Epilogue: How Dark The Heavens

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This material, copyright 1990 by Sidney Iwens, is excerpted from hisprize-winning book “How Dark the Heavens”. This material may not bereprinted or reproduced in any form without the expressed written permission of Sidney Iwens.

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We were liberated. After nearly four years the miraculous happened, ourtormentors were gone. But at Camp Allach there were no sounds of jubilation,no shouts of joy. We, the remnant, who in spite of everything, outlastedthose who were to destroy us, were barely alive. Enfeebled, half-crazed fromhunger, we held on to life by a thin thread. Indeed, in many cases that thinthread snapped the following days, as the death rate in camp continued unabated.

That very first day, some of us walked out of camp in search of food. Notmany people lived in the area, but when I and two other fellows found ahouse and walked inside, the people cowered in alarm at the sight of us.Theystared at us, and their faces expressing disgust mixed with fear, keptrepeating, “We didn’t know . . .we didn’t know anything. . .” But we onlywanted bread. . . we walked out. The American soldiers tried to be helpful,but the war was still going on and they had neither the resources nor thepersonnel to do much for us. Though well-intended, the meal of macaroni andchunks of fat meat, which was prepared for us the second day afterliberation, was a disaster. The heavy meal made people very sick and thedying went on at a fast pace.

After a few days, I too became ill. I felt very weak and could barely musterenough strength to crawl out of the block. Hour after hour we’d lie in along row next to the building, hoping that the pleasant spring sun wouldbring us back our health. And then, because disease was so rampant here, Iyet again experienced a quarantine, our camp was closed up. Armed Americansoldiers were patrolling outside the fence and no one was allowed to leave.

The days went by and I did not feel any better. A few times I consideredgoing to the camp hospital for help, but had been told by those who’d beenthere that not much could be done there for us anyway, and so I didn’t go.

Although it seemed to take a long time for me to recuperate, eventually Istarted feeling stronger. After more weeks passed, I decided to get awayfrom Allach where there was still so much death and disease. Of course, Iwas eager to start searching for Golda immediately. I knew she’d been alivein Stutthof last fall. However, a lot could have happened since then. Andwhat of Max and all the friends? Who of them was still alive?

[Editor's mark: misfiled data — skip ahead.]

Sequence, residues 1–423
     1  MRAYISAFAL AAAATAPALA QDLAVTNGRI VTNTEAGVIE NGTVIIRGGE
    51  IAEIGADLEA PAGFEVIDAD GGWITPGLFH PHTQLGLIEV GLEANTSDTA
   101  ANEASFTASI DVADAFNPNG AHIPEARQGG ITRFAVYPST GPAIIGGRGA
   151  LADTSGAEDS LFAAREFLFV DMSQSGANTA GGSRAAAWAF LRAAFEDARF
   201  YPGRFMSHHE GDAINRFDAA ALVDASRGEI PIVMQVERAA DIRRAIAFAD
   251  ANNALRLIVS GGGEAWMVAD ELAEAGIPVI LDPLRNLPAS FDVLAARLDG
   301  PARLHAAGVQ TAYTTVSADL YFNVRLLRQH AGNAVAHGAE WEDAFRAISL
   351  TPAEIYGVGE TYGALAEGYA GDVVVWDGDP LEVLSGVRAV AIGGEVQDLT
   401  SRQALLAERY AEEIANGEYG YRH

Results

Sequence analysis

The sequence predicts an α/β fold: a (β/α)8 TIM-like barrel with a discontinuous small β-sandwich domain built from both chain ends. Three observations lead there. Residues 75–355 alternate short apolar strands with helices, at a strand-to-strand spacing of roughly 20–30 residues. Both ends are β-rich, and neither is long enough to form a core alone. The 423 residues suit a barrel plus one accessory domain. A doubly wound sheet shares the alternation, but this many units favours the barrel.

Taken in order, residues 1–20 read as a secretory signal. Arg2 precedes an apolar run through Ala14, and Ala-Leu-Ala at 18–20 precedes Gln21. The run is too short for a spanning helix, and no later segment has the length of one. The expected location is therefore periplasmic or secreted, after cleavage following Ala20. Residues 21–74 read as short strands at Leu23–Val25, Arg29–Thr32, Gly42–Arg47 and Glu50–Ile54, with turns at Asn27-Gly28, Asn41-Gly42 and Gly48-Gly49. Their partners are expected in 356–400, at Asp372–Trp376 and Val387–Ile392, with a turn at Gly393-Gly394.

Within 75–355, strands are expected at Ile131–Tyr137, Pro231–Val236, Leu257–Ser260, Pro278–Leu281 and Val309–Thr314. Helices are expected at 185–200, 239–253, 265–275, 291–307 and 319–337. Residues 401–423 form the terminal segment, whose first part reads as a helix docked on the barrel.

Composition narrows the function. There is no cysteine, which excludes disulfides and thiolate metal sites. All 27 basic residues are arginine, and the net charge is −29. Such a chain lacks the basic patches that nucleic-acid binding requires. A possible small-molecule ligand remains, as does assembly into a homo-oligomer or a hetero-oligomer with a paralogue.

The escape from camp was dangerous. I heard that one of the men had beenwounded by a guard while trying to get out. I crawled through the wirefencein the darkness of night and found a clump of bushes a short distance away,where I lay waiting for the night curfew to end.

The hours of waiting went by slowly. While lying among the tangled branches,I kept thinking of all those countless times when I’d been lying concealed,heart pounding away, pulse racing, knowing full well that discovery meantcertain death. It was different now. I knew that even if I were discovered,my life wouldn’t be threatened, there was even somewhat ofa tinglingsensation in the perceived danger. Yet I felt a touch of bitterness, it hadbeen weeks since our liberation, and still. . . . But suddenly I noticed thesky in the East starting to brighten, soon it would be morning, a brightsunny morning . . . and I was free. I will find Golda. And I could feelexhilaration swelling up in me. . . .I could see myself reaching the roadjust a few hundred feet away and walking toward the city, the big city ofMunich, and beyond Munich there was the wide, beautiful world . . . full ofmystery and unfamiliar joys . . . and yes, I was free.

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